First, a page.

These are the questions that I’m asking.  These are the things that I’m considering.  There is a lot of internal conflict where I suddenly feel like I don’t want to do church anymore.  Not this way. 

 

D.

 

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12 Responses to Church

  1. trueself says:

    You have put into words something that has bothered me for some time but that I couldn’t get the right words together to express. It does seem that church should be more community-like, and truthfully the best church experience I’ve had as an adult was just that, a community. We were a small church. Yes, we had our Sunday services, but the coffee hour would often drag out as long or longer than the service. People in the church cared for one another and took care of one another. There were many gatherings besides Sunday worship, many meals shared, many activities undertaken that went beyond the passive I’ll-sit-for-an-hour-while-you-talk-at-me services. I miss that church, that community, but it is half a country away. I haven’t found the right one here yet, but I keep searching and will keep searching until I do find the right one.

  2. xi smmit says:

    Your mention of someone standing in Church to deliver an alternate message reminds me of something our Church has recently lost. No, someone standing and saying they had a message would not likely be allowed to speak but we did have regular testimony times, congregational feedback, and open-floor opportunities where that would be allowed. We have lost that and I think in many ways we have lost something important. I learned ways of sharing my faith by listeneing to others share ways they used than I ever learned from Sunday School (why do I feel compelled to capitalize that?) or from the pulpit. People teaching people, people reaching people. That was the basis of the early Church and is something that is being lost in the ‘modern’ Church. Or Post-Modern, whatever inaccurate made up title people choose to call it.

    It’s possible that we may leave our current Church because it’s going all Andy Stanley on us and working prgrams are being replaced with unknown quantities simply on the whim of the leadership. The age-old I want what they got deal. Relevant Post Modern Authentic Community. That’s the new mantra here.

  3. Therese says:

    Digger,
    You might find it interesting to look at early accounts of worship and compare them to the current Catholic liturgy. This is kind of long, but I thought it would be fitting to your discussion, since you brought up what current Catholics do. It’s a letter from St. Justin to emperor Antoninus Pius, written in 155:

    On the day we call the day of the sun, all who dwell in the city or country gather in the same place.

    The memoirs of the apostles and the writings of the prophets are read, as much as time permits. The first part of the Mass is called the liturgy of the Word, and a reading from the Old Testament, Epistles, and Gospel are read.

    When the reader has finished, he who presides over those gathered admonishes and challenges them to imitate these beautiful things. This is called a homily, where the priest preaches. It is essentially the same as a sermon.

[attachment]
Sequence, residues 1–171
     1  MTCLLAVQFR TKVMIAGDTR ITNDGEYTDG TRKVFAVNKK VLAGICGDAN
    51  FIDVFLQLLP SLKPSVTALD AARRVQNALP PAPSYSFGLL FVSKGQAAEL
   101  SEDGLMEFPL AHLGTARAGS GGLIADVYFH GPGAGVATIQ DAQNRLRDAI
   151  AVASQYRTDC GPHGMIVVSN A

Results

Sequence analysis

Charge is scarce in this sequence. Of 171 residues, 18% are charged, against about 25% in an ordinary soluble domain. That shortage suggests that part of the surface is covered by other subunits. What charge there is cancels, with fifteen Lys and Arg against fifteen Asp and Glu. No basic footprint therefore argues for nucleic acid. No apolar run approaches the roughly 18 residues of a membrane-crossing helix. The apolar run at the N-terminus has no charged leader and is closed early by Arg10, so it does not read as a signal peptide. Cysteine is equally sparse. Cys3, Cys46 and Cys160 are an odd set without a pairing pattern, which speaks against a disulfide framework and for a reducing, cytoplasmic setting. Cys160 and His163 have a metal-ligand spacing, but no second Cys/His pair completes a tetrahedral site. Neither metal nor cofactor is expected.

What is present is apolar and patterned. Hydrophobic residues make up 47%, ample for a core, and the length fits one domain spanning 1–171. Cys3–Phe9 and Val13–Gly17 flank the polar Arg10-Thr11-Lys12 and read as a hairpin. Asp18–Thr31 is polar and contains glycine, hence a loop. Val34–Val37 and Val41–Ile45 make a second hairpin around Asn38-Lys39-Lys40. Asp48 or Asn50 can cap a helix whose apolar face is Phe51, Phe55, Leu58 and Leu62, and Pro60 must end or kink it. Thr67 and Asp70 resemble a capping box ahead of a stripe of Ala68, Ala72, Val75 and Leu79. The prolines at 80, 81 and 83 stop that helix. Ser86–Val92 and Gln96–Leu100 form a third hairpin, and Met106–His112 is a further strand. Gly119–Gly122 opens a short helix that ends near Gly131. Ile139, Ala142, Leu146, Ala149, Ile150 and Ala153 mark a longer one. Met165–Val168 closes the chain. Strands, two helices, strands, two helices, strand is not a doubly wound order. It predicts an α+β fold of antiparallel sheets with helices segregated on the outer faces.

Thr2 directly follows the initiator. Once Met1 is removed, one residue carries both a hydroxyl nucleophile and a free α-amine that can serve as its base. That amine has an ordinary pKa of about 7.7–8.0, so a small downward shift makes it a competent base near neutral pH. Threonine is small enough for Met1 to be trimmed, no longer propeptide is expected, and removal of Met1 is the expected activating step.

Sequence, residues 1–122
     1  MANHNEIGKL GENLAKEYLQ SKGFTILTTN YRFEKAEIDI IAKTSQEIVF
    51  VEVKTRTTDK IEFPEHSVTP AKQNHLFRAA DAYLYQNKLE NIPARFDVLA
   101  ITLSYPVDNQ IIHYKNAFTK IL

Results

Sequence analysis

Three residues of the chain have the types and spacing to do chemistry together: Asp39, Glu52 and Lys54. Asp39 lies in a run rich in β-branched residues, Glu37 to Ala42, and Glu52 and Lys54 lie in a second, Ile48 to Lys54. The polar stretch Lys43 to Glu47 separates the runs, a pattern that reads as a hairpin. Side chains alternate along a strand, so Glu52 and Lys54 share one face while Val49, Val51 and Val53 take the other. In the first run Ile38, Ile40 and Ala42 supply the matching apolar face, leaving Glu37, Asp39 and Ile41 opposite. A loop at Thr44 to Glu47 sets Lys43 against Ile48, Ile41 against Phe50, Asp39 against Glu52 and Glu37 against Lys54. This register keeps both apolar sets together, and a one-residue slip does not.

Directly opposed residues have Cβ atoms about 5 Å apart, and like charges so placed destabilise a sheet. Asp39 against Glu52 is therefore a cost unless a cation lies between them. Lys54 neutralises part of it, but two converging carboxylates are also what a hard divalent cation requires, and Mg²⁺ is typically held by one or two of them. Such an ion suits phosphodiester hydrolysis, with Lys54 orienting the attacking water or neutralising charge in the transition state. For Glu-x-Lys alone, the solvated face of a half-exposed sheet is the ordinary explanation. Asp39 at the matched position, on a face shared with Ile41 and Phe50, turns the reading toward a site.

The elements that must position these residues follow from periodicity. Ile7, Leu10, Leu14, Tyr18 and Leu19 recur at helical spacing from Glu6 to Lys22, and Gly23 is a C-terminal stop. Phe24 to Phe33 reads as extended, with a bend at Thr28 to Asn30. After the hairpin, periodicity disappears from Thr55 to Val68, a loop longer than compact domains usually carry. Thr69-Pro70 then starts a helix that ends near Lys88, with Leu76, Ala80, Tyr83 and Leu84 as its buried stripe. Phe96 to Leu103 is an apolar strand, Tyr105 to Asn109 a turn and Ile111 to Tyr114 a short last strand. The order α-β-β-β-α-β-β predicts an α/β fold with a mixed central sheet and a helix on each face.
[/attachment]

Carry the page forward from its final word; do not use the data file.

Then we all rise together and offer prayers for ourselves…and for all others, wherever they may be, so that we may be found righteous by our life and actions, and faithful to the commandments, so as to obtain eternal salvation. In the currently liturgy, this is called the General Intercessions or Prayers of the Faithful. On Sunday it is prefaced by the recitation of the Nicene Creed.

    When the prayers are concluded we exchange the kiss. This is called the Kiss of Peace today, and follows communion.

    Then someone brings the bread and a cup of water and wine mixed together to him who presides over the brethren. We call this the Offertory, and obviously, “him who presides over the brethren” is a priest.

    He takes them and offers praise and glory to the Father of the universe, through the name of the Son and of the Holy Spirit and for a considerable time he gives thanks that we have been judged worthy of these gifts. That is still the nature of the Eucharistic Prayer.

    When he has concluded the prayers and thanksgivings, all present give voice to an acclamation by saying: ‘Amen.’ It’s actually called the “Great Amen” today.

    When he who presides has given thanks and the people have responded, those whom we call deacons give to those present the “eucharisted” bread, wine and water and take them to those who are absent. In the current liturgy, communion is followed by a closing prayer, but that is essentially the end of the Mass. Obviously, there are many more nuances than that in today’s Mass, but the overall structure is pretty similar to what was done in the early church. While it can and certainly has been argued just how important the clergy really are supposed to be, it is clear from the early writings that there was someone “in charge” during the service. The Mass has undergone a lot of “renovation” and there’s talk of a new translation being released within the next few years. Our current language isn’t as authentic as it could be. Although this letter doesn’t specify the church construction, it is safe to say that the simpler buildings adopted by many Protestants are more authentic to earliest worship than the elaborate gothic cathedrals scattered across Europe. I know none of this, though, was really the point of what you were trying to say.